théotime langlois de swarte

"Baroque violin-playing of the highest calibre" 
-Gramophone
Theotime Langlois de Swarte.jpeg

Passion and eclecticism define Théotime Langlois de Swarte’s choice of repertoire, which ranges from the 17th century to contemporary compositions. He is the first baroque violinist to be nominated at the Victoires de la Musique Classique 2020 in the category Revelation soliste instrumental. His concerts have taken him all over the world to prestigious venues such as the Berlin Philharmonic, the Musikverein in Vienna, the Shanghai National Art Center, Walt Disney Hall in Los Angeles and, more recently, to the Philharmonie de Paris where he gave a recital on the Davidoff Stradivarius violin, which is kept in the Musée de la Musique. Read full bio

Hear him say it!

Not sure how to pronounce Théotime's name? 

"Théotime Langlois de Swarte reminds me why I fell in love with Baroque violin in the first place...His playing is joyful; it is wild and beautiful.” 

-Gramophone

FURTHER ACCLAIM

“These are performances so special that I feel a changed man from listening to them. Buy it, tell all your friends: if you’re lucky, this recording will clamp on to you like a barnacle to a boat. It will infuse your life with joy. It might even make you believe again.”

Gramophone 


“France’s rising generation has some promising names.  Topping that list for me is Le Consort founding violinist Theotime Langlois de Swarte….a stunner by any standard.”
The Strad

"An idiomatic performance, with a warmly singing violin line...mesmerizing."
New Yorker

 

“Period violin playing of outstanding Calibre, characterized throughout by pinpoint accuracy, total purity, clean articulation, sensitive phrasing and a flowing sense of line.”

BBC Music Magazine

 

“Langlois de Swarte’s ornamentation—swerving, bluesy, capricious—does what so little recorded ornamentation manages to do: it sounds utterly improvised and untethered to ink.”

Gramophone​ 

 

“This recording of sonatas by Senaillé and the slightly younger Jean-Marie Leclair boasts the most celebrated partner: the Baroque eminence William Christie, who founded the ensemble Les Arts Florissants and joins on harpsichord with graceful restraint. That restraint makes this truly a showcase for Langlois de Swarte, whose sweet, rich sound in these sonatas can be assertive, almost rustic, in fast movements and silky in slow ones, with a tasteful hint of wiry ping. Whatever the tempo, a quintessentially French danciness is paramount, an elegant playfulness that breathes even through Italianate harmonic wanderings: The back end of the Gavotte in Senaillé’s Sonata in D here gets fascinatingly dusky. From the opening Adagio, passionate yet poised, to the ideally spirited Allegro finale, that sonata is a particular highlight of an intimate, stylish album.”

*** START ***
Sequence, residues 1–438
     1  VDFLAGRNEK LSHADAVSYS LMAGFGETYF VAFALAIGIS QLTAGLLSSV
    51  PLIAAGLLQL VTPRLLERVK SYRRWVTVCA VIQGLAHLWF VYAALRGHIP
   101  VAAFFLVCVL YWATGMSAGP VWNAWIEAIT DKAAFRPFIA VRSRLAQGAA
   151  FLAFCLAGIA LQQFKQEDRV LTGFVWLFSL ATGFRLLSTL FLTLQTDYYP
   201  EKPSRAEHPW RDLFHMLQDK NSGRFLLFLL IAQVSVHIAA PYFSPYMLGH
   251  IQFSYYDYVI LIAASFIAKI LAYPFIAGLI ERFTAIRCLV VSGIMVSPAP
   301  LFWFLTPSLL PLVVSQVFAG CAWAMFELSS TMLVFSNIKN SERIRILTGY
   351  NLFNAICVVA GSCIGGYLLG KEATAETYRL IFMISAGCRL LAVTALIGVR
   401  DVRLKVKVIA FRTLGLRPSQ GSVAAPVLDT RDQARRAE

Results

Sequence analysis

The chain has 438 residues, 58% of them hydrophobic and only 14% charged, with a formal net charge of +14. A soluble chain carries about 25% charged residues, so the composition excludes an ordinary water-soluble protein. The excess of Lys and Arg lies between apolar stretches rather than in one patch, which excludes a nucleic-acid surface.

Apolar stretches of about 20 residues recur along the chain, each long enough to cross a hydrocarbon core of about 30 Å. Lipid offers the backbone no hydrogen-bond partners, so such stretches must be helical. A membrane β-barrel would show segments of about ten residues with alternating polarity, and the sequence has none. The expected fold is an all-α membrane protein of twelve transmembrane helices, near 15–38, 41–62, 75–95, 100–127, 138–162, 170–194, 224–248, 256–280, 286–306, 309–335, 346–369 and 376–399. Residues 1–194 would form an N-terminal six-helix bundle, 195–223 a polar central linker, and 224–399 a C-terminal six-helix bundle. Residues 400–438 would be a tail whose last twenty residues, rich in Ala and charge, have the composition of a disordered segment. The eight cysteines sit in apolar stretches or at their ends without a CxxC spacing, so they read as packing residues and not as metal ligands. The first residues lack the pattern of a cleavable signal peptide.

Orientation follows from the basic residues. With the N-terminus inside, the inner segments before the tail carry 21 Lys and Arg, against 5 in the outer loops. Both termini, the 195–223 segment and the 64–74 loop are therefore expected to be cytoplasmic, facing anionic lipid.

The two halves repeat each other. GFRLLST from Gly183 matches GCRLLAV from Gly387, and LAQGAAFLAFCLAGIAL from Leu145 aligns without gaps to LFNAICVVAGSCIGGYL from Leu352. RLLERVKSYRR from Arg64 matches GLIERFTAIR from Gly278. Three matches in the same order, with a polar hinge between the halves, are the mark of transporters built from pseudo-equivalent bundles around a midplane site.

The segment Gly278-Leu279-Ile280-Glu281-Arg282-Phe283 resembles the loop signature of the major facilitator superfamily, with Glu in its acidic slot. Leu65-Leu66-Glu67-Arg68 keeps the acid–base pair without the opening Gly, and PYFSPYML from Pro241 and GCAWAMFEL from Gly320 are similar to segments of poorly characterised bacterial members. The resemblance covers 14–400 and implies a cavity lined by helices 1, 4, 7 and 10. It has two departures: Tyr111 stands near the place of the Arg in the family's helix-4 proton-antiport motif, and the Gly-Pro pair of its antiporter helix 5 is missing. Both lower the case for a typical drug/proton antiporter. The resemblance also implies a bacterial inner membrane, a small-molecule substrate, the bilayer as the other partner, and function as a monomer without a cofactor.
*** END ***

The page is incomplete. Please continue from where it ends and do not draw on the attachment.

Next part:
New York Times 

“All the while, Langlois de Swarte is an acrobat of double-stops, joyful arpeggio flicks, G-string kicks and a written-out cadenza of astonishing virtuoso ability. For one acquainted with this particular passage, the apparent ease with which Langlois de Swarte trills with his fourth finger simply defies belief.”

Gramophone​ 

“Overflowing with childlike zest for life and imagination, as if the notes are not written down on paper but are whispered to them on the spot.”

Handelsblad, Joost Galema

“a breathtaking, astonishing disc, and I cannot recommend it too highly.”

 Gramophone​ 

“I’m running out of ways to recount his brilliance….Most of all, I’m in awe of his seemingly effortless blend of control and abandon.”
Gramophone 

 

Comments by William Christie about the making of the “Generations” CD with Theotime


“This goes back to the auditions held by Les Ars Florissants a few years ago. A very young violinist in the person of Théotime Langlois de Swarte had made an appearance. It was a decisive moment, because the admiration was unanimous for this young virtuoso entirely absorbed by a passion for early music.”


“Like many young people of his generation, he has a taste for discovery and for the direction of early music.”


“The interactions between Théotime and me happen in an utterly natural way.”


“Théotime brings his own intelligence, enthusiasm, and know-how.”


“There is a certain camaraderie that rules the world of early music: we love this repertoire perhaps more than any other, and we share the spirit of discovery. As a result of this experience, I feel simply rejuvenated. Such is the beauty of music.”